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Int J Soc Psychiatry. 2005 Jun;51(2):162-76.

Community attitudes towards the mentally ill: the results of a national survey of the Taiwanese population.

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Department of Social Policy and Social Work, National Chi Nan University, Taiwan, ROC.



In Taiwan, to strengthen the psychiatric rehabilitation system has been one of the primary goals of the Department of Health since 1985. Unfortunately, this endeavor has not been successful and it is believed that one of the barriers is social stigma towards the mentally ill. However, to date no national survey has been conducted for Chinese population on the focal topic using a random sample.


In this study we explored the attitudes of the general population towards the mentally ill in Taiwan. Specifically, we examined the effect of contact on one's attitudes after controlling for demographic variables.


A national survey was conducted on 1,203 subjects drawn through a stratified proportional random sampling. Data were collected using the Computer-Assisted Telephone Interview System. We conducted MANOVA and multiple regression analyses to explore the correlates of the attitudes.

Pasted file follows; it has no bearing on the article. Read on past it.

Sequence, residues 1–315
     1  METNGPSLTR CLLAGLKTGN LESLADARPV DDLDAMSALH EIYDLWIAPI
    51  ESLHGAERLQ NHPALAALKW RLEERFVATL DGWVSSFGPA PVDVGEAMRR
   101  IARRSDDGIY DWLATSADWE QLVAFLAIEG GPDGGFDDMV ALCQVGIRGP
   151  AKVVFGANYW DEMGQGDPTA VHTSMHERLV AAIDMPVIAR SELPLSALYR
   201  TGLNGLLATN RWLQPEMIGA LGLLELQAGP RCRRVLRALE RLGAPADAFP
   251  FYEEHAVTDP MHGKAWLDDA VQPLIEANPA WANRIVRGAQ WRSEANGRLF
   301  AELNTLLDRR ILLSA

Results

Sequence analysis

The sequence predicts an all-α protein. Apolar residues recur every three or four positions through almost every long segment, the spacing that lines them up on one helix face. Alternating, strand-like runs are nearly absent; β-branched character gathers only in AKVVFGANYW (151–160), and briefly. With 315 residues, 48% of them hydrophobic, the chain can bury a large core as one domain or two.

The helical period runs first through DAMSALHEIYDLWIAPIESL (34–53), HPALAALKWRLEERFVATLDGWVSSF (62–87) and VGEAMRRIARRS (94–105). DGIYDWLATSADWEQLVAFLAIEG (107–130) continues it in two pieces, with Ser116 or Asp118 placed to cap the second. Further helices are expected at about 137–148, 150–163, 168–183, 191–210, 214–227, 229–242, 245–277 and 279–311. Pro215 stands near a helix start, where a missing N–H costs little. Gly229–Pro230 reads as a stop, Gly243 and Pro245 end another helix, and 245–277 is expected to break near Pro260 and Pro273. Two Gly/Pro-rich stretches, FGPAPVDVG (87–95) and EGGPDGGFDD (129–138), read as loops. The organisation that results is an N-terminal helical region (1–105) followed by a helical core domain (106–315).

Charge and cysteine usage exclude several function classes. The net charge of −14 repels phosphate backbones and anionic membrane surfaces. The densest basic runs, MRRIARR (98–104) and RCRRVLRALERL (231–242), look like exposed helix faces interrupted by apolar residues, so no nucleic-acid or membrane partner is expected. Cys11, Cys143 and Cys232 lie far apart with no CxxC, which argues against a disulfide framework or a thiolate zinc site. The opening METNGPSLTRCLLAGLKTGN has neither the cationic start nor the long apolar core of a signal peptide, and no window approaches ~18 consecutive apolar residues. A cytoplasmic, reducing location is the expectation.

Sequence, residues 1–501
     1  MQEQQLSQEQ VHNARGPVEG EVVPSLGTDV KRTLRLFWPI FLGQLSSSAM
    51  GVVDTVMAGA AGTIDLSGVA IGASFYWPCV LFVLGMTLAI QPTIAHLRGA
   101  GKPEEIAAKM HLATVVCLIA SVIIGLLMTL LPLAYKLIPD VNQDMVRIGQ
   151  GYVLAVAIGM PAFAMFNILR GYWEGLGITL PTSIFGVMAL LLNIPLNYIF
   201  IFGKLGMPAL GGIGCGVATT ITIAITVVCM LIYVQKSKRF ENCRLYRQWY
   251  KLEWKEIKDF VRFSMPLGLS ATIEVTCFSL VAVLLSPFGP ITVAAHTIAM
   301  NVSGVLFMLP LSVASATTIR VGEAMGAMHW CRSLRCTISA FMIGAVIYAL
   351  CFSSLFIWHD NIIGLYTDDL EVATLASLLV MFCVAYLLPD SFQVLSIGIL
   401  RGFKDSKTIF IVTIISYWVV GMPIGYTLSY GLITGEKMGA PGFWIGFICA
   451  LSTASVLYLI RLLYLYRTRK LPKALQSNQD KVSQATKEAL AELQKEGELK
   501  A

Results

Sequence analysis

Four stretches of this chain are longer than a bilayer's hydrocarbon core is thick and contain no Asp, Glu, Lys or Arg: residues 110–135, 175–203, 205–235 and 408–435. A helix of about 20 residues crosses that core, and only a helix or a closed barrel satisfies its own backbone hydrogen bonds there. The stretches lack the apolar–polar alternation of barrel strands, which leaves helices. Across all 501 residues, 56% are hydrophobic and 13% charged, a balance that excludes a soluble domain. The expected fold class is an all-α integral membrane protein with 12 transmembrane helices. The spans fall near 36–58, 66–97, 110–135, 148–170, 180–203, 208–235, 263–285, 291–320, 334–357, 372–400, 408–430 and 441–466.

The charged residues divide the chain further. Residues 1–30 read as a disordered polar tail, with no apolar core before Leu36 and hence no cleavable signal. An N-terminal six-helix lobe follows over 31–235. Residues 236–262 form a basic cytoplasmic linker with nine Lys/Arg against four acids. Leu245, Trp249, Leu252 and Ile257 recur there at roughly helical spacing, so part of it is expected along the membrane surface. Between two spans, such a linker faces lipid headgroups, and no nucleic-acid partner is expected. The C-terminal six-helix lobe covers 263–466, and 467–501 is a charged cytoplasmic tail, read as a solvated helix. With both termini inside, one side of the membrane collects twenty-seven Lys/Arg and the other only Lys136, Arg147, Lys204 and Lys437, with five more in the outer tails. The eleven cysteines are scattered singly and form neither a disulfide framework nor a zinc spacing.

The results revealed that the general population held relatively higher levels of benevolence, tolerance on rehabilitation in the community, and nonsocial restrictiveness. However, they held relatively less positive attitudes on non-authoritarianism and normalization. Overall, direct contact and age were the two most important correlates of community attitudes. Education and occupation were also significant.


Benevolent thoughts do not necessarily guarantee the acceptance of rehabilitation in the community or treating the mentally ill as a person like anyone else. However, the benevolent thought could be transformed into compassion and acceptance of another human being if people are given the opportunity to have direct contact with mentally ill persons. The results also indicated that community education should specifically target laborers of all age groups.

[Indexed for MEDLINE]

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